Cognitive Behavioral Therapy Was a Therapy Mainstay – Why’s It Getting a Bad Rap?
Many argue that CBT oversimplifies complex human experiences, and invalidates our reaction to systemic issues.
Cognitive behavioral therapy (CBT) has long been celebrated for its efficacy in treating various mental illnesses — including depression and anxiety — besides equipping people to deal with issues pertaining to self-esteem, motivation, procrastination, or even interpersonal relationships. But in recent years, with growing conversations about mental health, CBT has also come under scrutiny and criticism — with many arguing that it oversimplifies complex human experiences, invalidates our reaction to systemic issues, and promotes a culture of positivity which isn’t always helpful.
The question, however, is whether the modality itself is at the core of the invalidation, or simply, a poor application of the approach. The goal of CBT is to enable a client to identify the “cognitive distortions and maladaptive responses that are coming in their way of achieving the goals they have set for themselves.” Samriti Makkar Midha, a psychotherapist from Mumbai, who practices CBT, had told The Swaddle in 2021, explaining how it’s an action-oriented approach that follows a structured framework to help people learn how to manage their mental health concerns within a short span of time — ranging between eight to 12 weeks. But the promise of a “quick solution” is where the problem might lie.
“In the short term, it genuinely helped me… But in the long term, it turned out to be less helpful. When I get in the habit of challenging every negative thought I feel, I end up skipping straight to the ‘feeling better’ part and not doing a really important step — fully experiencing the negative feeling and really exploring where it came from,” Lauren Bunke from Chicago, who was treated with CBT to address her depression and anxiety, wrote, adding: “Maybe, I was just doing the technique wrong. But the therapist who taught it to me would usually do the same thing… She taught me not to linger on and feel negative thoughts.” Bunke discovered later that her depression and anxiety stemmed from trauma. But because she rarely had to chance to delve deeper into her “negative feelings” during her CBT sessions, it lay buried.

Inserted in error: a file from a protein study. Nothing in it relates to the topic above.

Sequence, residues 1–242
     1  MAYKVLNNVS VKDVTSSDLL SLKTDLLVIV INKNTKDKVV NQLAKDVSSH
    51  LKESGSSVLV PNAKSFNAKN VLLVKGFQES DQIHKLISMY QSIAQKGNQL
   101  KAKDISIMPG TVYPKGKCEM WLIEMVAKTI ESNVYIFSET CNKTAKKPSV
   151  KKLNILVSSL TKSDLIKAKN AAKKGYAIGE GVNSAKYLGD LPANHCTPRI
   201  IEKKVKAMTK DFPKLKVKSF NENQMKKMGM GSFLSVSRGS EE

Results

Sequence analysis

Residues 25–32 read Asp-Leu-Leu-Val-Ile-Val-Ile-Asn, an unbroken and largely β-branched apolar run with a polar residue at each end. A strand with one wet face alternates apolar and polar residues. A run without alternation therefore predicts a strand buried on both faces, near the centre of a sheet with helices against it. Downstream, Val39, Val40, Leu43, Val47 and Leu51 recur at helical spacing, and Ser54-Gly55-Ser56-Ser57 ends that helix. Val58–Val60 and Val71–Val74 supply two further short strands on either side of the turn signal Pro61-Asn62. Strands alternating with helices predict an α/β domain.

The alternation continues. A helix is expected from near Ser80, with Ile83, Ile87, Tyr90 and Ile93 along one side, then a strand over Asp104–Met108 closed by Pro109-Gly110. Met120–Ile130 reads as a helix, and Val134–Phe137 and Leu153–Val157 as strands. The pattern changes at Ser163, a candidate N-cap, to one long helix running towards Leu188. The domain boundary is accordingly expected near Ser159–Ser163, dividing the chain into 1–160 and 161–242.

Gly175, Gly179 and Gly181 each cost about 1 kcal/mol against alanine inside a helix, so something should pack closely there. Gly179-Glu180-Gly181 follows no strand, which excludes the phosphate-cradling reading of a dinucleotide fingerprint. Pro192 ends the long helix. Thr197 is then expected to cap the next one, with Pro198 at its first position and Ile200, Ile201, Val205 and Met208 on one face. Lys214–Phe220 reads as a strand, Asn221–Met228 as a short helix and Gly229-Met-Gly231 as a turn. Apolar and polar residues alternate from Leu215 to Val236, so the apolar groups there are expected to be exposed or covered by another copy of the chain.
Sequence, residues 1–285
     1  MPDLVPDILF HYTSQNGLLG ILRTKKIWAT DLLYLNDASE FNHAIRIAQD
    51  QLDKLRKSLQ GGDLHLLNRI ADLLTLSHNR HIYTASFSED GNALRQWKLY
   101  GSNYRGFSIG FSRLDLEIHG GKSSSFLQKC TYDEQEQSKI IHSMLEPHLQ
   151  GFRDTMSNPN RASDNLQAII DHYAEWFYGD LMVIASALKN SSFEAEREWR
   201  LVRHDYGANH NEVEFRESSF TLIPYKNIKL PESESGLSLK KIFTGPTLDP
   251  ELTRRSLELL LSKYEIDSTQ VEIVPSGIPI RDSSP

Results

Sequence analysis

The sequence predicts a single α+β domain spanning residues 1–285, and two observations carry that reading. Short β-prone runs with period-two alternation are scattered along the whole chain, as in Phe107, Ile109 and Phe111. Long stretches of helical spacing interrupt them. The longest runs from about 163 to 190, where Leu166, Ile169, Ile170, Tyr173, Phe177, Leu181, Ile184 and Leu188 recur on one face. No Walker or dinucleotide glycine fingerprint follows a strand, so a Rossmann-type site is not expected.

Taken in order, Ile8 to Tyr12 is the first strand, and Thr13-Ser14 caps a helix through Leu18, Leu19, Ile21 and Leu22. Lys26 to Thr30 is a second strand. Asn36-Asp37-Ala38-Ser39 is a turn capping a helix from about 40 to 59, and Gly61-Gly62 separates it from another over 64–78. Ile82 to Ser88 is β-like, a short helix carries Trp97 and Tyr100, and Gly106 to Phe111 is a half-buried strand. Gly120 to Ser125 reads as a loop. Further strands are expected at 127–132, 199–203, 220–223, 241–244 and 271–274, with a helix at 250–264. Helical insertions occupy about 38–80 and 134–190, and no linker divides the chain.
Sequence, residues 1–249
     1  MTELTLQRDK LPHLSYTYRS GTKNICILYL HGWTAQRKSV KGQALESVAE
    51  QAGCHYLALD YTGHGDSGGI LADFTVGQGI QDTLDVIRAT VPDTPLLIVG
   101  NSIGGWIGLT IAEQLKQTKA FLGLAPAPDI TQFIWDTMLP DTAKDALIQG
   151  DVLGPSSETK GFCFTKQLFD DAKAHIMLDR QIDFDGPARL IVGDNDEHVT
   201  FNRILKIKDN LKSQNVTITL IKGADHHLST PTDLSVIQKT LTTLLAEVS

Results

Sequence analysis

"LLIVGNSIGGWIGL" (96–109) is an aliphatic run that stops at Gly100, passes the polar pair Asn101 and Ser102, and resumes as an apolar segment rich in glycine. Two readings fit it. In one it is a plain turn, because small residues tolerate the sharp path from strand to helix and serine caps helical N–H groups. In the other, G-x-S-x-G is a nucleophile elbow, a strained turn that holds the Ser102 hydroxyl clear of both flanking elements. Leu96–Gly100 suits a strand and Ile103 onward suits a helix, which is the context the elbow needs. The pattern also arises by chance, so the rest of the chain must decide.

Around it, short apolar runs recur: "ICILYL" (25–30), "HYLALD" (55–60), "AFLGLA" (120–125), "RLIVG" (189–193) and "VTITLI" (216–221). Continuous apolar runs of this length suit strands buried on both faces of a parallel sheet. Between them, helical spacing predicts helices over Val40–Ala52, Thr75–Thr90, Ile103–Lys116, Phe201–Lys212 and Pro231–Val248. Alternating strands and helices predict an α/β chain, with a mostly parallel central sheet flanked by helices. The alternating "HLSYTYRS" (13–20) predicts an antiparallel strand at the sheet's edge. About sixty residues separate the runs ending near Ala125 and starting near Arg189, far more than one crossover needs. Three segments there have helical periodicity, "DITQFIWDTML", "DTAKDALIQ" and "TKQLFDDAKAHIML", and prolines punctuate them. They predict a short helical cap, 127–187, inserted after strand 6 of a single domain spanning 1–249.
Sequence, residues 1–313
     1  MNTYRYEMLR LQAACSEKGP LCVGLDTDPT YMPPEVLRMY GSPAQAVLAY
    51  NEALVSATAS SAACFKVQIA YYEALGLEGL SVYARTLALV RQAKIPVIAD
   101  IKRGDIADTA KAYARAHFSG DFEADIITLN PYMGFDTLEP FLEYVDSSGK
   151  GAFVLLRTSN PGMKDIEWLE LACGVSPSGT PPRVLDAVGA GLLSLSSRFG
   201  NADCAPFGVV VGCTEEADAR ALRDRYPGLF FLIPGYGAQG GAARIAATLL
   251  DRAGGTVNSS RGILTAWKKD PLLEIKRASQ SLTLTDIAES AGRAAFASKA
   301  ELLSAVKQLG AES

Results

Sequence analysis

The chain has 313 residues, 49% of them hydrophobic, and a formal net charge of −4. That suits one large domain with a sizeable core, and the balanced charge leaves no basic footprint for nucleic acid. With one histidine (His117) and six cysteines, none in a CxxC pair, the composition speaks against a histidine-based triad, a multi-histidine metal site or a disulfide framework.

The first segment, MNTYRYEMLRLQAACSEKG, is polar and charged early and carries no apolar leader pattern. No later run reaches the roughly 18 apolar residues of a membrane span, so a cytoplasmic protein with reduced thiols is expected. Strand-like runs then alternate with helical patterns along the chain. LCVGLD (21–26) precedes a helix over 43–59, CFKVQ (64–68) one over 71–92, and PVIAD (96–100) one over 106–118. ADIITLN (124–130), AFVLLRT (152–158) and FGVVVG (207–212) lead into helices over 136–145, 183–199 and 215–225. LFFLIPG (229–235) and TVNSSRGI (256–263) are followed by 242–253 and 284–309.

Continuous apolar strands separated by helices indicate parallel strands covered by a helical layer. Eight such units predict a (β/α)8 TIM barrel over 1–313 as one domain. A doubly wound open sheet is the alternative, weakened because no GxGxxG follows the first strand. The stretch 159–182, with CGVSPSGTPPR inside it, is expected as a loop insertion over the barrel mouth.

We live in an age where quick and easy is all the rage. And CBT — to a certain extent — seems to cater to that.
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On the one hand, clients often approach therapists expecting them to be problem-solvers who would “fix” their issues with a swish and a swirl of their magic wands. On the other, “CBT is relatively easier than other therapies to teach, in a sense. It also requires lesser vulnerability on the part of the therapist, and is less exhausting, too, in a way — only emotionally, though; it can be quite exhausting intellectually. Nonetheless, people tend to think that doing a preliminary course in CBT would teach them how to use it exceptionally well,” psychotherapist Zohra Master, an associate fellow and supervisor from the Albert Ellis Institute, points out. At the confluence of this pursuit of shortcuts — by therapists and clients alike — lies the potential for invalidation.